(First post here, hope I've posted this in the right place)
I own an old campervan with a 12V battery system, The battery powers lighting and a (fairly power-hungry) compression fridge - along with a 12V TV, phone chargers, etc. It is recharged by solar panels on the roof (when it's sunny!), the alternator (when the engine is running) or a mains charger (when we're connected to mains, at campsites).
I'd like to use a Pi to monitor the state of the battery - measuring voltage across its terminals and current flow. Ideally the data would be uploaded to the cloud so I can monitor it remotely - useful since the van is kept in storage some miles from home when we're not using it. I may later want to add security cameras, motion detectors, GPS, etc - so I think a Pi is the way to go, rather than something like an Arduino.
Focusing on the input side: the system needs to be able to measure current and voltage with reasonable accuracy. The voltages will be in the range of about 10V to 14V - a nominal 12V lead-acid battery system. There is also the option of measuring the raw voltage coming from the solar panels at some point in the future, which may be higher.
The current flowing will vary widely, from zero to perhaps 30A. It will be bidirectional, depending on whether the battery is charging or discharging. The maximum current flow will probably be when the mains charger is in use.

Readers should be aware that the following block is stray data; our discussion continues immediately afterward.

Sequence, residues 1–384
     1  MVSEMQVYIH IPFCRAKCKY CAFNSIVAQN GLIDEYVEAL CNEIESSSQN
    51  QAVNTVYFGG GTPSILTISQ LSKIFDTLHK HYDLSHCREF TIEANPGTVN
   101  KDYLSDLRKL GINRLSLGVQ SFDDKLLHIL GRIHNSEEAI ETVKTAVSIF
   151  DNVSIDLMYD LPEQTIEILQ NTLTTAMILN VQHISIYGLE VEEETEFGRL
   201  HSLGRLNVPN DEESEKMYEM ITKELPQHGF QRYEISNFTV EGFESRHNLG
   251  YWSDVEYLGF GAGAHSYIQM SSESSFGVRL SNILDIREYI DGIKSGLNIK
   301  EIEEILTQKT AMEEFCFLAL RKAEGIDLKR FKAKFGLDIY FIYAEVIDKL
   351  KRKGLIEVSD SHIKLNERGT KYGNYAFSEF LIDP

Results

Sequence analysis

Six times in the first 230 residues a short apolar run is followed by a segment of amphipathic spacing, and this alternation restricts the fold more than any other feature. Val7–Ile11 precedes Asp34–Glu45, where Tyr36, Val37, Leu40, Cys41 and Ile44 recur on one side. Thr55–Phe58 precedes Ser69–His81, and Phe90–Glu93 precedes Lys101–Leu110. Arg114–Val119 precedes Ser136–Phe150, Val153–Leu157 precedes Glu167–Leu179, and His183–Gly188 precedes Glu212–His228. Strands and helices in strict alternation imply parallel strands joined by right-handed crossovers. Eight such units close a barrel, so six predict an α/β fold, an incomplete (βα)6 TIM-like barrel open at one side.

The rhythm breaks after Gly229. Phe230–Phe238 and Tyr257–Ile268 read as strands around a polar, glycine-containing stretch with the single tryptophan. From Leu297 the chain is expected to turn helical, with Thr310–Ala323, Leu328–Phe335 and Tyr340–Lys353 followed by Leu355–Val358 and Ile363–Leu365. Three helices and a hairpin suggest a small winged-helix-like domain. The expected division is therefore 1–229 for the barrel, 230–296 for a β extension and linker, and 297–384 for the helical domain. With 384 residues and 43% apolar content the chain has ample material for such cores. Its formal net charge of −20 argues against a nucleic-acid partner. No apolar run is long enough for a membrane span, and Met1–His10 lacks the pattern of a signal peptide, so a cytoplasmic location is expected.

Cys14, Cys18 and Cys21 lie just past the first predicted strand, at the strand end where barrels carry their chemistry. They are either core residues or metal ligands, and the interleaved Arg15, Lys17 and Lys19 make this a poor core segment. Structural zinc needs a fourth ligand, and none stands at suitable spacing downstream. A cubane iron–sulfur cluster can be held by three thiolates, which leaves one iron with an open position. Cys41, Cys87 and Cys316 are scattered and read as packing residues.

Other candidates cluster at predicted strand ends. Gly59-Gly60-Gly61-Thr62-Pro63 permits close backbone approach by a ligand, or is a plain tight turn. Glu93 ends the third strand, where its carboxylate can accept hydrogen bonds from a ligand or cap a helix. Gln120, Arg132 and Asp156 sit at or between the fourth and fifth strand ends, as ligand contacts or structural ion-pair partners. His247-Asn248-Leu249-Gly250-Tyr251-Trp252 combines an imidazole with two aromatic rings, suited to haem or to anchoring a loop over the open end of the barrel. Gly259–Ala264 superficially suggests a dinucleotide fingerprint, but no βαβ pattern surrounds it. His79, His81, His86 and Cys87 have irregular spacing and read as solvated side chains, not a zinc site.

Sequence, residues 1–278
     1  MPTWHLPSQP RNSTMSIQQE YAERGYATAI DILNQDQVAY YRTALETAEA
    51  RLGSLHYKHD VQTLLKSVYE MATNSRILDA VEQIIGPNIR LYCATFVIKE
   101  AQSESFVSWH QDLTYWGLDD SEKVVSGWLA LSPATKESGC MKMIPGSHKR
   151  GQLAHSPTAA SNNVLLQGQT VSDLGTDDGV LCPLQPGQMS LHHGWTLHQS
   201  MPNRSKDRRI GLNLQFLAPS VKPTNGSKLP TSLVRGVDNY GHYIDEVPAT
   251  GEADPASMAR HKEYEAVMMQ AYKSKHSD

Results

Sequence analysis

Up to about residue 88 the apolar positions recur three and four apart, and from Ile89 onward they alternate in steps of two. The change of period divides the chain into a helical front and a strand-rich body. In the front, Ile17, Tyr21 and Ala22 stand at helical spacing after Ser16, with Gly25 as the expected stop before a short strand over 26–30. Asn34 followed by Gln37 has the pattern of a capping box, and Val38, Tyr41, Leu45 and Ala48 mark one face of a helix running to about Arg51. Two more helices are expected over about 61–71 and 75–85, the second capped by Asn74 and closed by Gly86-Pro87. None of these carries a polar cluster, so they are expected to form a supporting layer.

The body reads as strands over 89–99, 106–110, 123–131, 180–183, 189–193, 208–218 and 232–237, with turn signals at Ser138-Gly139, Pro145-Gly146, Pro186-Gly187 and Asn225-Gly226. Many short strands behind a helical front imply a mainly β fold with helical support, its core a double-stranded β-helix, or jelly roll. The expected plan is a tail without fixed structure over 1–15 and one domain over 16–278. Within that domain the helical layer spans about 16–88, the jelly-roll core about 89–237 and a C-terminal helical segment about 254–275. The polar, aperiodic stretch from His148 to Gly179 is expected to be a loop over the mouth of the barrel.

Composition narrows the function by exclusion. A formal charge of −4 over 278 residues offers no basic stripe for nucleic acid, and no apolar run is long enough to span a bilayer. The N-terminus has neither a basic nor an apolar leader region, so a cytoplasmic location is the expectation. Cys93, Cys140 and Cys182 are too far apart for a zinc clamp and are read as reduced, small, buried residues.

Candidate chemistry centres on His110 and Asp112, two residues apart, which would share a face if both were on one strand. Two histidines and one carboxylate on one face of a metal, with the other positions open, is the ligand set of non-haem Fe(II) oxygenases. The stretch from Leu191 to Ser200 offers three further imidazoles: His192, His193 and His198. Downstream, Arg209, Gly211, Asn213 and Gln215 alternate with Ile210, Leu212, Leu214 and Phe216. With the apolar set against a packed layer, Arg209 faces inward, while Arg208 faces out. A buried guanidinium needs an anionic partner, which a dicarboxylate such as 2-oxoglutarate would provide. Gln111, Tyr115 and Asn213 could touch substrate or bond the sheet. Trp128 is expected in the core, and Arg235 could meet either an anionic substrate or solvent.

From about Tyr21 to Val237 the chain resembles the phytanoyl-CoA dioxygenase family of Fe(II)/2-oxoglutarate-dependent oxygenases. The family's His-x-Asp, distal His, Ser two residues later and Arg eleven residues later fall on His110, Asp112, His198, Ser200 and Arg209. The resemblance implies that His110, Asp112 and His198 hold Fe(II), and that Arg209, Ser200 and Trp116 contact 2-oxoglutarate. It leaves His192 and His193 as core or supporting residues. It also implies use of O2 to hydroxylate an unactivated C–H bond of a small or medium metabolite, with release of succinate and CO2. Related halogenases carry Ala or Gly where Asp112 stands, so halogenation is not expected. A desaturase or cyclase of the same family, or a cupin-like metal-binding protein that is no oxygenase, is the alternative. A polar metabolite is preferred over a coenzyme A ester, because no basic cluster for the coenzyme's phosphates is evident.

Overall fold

The power consumption of the system needs to be kept fairly low, since it will be running from the 12V battery itself.
So far, I'm thinking that a Pi Zero is a good choice. I'll probably use a Zero W to allow for a wifi connection to the Internet. Some sort of ADC will be needed, and I'm considering a RaspIO Analog Zero
Once I've got an ADC setup working, measuring the voltage across the battery terminals is pretty simple. I guess a couple of 1% resistors could be needed to divide the voltage to the input range of the ADC?
But I'm not sure about how to measure the current. I've seen mention of Hall effect devices but I don't know anything about them. Is it crazy to think of using a shunt resistor and just measuring the voltage across it with the ADC? One problem with that seems to be that the voltages involved are very small - typically a maximum of 75mV with shunts like this Is there a simple way to boost that? I found another thread discussing something similar where it was suggested that an op-amp circuit could amplify the signal to give a value suitable as input to an ADC. I know little or nothing about op-amps - does anyone have a schematic (or better yet, a ready-built board) that can do that?
Finally, I'll need to find a way to power all of this from the 12V supply. That's likely to be quite noisy when the alternator or mains charger are supplying it. I've googled a bit and found references to "buck" converters - would this be suitable?
Okay, that's probably enough questions for now! As you can probably tell, I'm new to this electronics stuff, so I'll be grateful for any answers at all.